As the week went by I thought perhaps it might be best if I gave my self a little time off from the blog. Maybe just settle in and cook my way through a new cookbook. Bobby Flays MESA cookbook looks like it could be a challenge. Then, I got an e-mail form a friend. Apparently her little daughter has been telling people that when she grows up she wants to be a chef just like Mrs. Pardo (but as you know I am not a chef). How cute is that? Well that is enough to lift ones spirits- so for the moment we shall continue to cook together….

Wednesday, February 13, 2008

Chocolate covered strawberries

2 pounds, plump ripe strawberries
8 oz chocolate (I am using about half milk and half dark chocolate)
2 Tablespoons vegetable oil

Line a baking tray with parchment paper then spray it with a non-stick spray.
Place the chocolate in a microwave proof bowl and set the power to medium. Microware the chocolate for about 3-4 minutes. Once the chocolate is mostly melted remove it from the microwave and stir in the vegetable oil. Dip each strawberry in the chocolate then place on tray to set slightly. The chocolate will harden if the strawberries are placed in the refrigerator overnight.

Thursday, February 7, 2008

Rack of Lamb with Mustard and Herb Crust

(Serves 2 just double the rec. for 4)

1 Rack of lamb, (about 1 ½ pounds)
½ Tablespoon Kosher Salt
½ Teaspoon ground pepper
1 Tablespoon canola oil for searing
1 ½ Tablespoons Dijon mustard

For crumb coating (Persillade, a French Parsley and garlic mixture) -
Place into a food processor
¾ cup parsley leaves
2 cloves garlic, peeled
2 slices white bread
Zest of 1 lemon
Pulse 10 times or until the texture of oatmeal- then set aside.

Preheat oven to 400

Make the crumb coating first and set it aside. Score the fat side of the lamb with a crisscross pattern if you like. Season the lamb with salt and pepper. Add the oil to a medium to large skillet or cast iron pan (a pan that can go in the oven). On the stovetop heat the oil over medium-to-medium high heat. Sear the meat about 3 minutes per side on top of the stove. Remove from heat.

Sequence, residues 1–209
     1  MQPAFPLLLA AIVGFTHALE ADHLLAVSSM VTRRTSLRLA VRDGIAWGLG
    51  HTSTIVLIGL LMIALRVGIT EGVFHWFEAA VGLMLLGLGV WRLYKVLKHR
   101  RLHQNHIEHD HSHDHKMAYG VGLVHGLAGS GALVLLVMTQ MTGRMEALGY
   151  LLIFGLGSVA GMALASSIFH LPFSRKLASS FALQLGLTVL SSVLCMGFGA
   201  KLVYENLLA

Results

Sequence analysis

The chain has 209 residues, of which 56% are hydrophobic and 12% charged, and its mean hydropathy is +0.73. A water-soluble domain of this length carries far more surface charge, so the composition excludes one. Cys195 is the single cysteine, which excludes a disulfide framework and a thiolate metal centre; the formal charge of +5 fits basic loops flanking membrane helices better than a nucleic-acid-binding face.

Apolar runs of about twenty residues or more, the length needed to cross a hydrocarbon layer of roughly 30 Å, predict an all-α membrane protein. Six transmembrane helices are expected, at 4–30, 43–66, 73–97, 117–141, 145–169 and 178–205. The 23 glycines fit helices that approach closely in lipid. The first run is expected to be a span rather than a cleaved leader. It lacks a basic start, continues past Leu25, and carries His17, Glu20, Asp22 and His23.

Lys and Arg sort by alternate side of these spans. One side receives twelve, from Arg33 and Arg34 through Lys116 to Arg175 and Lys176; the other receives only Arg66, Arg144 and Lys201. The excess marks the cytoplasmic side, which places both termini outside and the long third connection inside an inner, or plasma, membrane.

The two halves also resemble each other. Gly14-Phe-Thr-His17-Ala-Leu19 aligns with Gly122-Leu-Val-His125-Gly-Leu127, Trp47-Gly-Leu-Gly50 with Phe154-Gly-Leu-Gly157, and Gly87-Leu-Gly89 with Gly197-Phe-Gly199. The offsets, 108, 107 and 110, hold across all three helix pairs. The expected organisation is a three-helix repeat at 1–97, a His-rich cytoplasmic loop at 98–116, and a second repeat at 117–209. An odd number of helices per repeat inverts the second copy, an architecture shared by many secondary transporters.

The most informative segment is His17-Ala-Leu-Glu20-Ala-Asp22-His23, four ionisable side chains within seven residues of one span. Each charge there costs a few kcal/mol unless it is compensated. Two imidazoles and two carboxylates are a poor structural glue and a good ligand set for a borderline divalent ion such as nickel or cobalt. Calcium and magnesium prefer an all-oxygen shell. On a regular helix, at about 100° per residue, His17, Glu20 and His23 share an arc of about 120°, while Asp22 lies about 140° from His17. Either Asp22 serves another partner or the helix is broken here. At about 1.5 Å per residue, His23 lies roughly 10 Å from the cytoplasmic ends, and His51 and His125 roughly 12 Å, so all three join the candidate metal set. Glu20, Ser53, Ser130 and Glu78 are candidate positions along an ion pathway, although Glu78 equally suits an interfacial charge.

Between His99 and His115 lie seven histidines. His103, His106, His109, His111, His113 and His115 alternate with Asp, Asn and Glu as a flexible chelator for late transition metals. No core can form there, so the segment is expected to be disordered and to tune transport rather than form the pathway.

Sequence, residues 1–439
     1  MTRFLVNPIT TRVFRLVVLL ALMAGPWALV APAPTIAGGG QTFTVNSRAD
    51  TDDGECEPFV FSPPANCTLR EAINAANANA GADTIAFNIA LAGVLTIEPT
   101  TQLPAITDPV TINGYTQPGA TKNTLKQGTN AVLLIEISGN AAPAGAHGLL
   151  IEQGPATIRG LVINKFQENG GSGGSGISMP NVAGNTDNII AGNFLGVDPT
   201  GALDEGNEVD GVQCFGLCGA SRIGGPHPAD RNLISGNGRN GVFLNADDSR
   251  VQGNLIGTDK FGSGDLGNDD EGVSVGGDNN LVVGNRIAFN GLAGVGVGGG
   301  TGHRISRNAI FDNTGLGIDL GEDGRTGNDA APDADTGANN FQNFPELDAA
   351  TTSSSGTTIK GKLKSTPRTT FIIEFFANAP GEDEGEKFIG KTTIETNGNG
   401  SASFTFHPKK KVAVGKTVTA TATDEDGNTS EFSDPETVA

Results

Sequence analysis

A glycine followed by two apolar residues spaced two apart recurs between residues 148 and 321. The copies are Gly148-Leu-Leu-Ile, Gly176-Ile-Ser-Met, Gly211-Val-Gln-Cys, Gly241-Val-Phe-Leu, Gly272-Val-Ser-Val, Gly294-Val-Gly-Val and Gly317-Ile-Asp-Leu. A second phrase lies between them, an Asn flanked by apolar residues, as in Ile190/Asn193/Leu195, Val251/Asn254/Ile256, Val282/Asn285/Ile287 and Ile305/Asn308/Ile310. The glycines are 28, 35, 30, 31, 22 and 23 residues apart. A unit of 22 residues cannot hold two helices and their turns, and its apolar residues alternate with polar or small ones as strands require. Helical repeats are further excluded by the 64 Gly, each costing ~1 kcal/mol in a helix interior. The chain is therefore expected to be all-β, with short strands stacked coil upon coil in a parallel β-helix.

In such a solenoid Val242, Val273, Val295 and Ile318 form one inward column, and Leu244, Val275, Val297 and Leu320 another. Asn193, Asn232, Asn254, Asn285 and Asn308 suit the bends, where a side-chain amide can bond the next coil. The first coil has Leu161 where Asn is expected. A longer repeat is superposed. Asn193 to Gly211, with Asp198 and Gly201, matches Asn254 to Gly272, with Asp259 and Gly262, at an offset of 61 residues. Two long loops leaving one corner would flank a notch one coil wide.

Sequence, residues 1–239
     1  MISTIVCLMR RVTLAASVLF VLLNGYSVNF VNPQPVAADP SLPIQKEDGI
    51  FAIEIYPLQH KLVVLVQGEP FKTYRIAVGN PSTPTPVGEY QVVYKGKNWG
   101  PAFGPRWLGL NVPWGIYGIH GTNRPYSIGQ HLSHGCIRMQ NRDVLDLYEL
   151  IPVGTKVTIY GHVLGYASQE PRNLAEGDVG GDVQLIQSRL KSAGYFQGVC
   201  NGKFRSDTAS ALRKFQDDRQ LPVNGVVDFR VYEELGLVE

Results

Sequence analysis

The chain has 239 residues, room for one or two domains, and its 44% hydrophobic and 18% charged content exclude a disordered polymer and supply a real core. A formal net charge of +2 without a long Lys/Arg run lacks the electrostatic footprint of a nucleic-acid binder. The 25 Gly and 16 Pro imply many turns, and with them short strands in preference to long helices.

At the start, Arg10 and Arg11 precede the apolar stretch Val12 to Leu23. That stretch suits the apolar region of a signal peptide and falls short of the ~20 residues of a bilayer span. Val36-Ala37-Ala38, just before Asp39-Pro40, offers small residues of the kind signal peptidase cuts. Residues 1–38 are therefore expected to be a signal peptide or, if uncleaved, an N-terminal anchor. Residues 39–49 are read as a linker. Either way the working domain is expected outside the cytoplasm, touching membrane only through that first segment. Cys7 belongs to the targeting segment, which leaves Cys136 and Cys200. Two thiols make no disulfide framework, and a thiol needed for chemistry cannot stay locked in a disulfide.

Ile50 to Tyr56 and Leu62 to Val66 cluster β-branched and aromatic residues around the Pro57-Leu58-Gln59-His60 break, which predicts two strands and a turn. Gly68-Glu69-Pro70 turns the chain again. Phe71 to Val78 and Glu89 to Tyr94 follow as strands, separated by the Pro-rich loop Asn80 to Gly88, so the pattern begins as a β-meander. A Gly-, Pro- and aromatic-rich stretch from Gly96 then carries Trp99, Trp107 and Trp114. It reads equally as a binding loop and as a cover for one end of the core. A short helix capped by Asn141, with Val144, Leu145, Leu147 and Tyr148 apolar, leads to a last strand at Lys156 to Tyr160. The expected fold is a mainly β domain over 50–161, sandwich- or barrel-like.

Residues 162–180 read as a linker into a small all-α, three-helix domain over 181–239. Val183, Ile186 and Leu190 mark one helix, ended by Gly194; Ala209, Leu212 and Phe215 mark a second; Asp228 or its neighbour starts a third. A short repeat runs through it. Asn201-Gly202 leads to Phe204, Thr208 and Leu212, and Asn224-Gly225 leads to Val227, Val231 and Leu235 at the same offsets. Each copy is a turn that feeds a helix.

Brush the lamb with mustard then coat the lamb with crumb mixture. Cook in oven for about 20 minutes or about 125 -130 for medium rare. Allow meat to rest 10 minutes or so before carving.
To sauce- you might choose from a variety of sauces, a simple pan juice sauce would be nice, a reduced wine sauce, mint chimicuri, or a warm chutney.

Valentines Dinner

I am so pleased this week because despite the dreary, rainy, wet, cold weather we are experiencing; there are two food events in the air. Fat Tuesday and Valentines Day. Fat Tuesday, the day before Ash Wednesday, is not celebrated with as much enthusiasm in my area of the country. The spirit of Fat Tuesday belongs to the area of New Orleans. Despite this, I persist in making Gumbo, hearty soups and buying up Andouille sausage.

Other than thoughts of Turtle soup and prior stops on cross country trips The French Quarter for Beignets and hearty Chicory coffee, I have also been thinking of Valentines Day. I cannot think of a better occasion for roast rack of lamb. With it I might suggest a side dish of white asparagus, some herbed couscous and sauce of your choice.